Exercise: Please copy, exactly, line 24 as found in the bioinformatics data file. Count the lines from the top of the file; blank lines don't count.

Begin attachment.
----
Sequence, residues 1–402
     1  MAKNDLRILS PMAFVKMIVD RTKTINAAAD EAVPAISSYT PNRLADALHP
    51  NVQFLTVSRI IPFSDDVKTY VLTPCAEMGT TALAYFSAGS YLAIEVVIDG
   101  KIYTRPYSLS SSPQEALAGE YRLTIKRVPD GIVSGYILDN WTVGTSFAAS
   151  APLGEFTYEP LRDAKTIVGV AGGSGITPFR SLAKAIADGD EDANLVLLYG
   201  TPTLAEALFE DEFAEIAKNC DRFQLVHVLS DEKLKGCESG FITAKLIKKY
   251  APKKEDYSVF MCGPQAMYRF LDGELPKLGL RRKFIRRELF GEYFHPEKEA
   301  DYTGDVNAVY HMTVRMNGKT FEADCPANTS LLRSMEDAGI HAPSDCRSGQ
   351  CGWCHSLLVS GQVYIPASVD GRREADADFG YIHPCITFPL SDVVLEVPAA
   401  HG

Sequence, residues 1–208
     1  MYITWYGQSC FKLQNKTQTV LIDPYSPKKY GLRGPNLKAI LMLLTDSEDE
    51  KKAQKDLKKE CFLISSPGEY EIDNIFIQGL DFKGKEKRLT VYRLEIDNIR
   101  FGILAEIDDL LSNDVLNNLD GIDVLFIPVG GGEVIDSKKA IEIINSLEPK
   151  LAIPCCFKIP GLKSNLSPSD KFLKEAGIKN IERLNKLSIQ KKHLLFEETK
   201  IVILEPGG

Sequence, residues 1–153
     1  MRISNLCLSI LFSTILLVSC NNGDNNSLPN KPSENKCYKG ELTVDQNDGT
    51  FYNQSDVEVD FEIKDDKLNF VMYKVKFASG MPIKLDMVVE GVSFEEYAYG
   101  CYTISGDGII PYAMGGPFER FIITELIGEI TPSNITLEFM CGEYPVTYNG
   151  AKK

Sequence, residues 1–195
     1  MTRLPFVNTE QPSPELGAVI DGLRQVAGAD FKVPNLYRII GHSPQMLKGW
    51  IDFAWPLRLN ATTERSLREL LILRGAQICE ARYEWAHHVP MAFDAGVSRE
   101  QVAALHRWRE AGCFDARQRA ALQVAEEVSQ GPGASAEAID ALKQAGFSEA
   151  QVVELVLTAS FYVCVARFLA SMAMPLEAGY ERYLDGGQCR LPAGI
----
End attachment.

    51  IDFAWPLRLN ATTERSLREL LILRGAQICE ARYEWAHHVP MAFDAGVSRE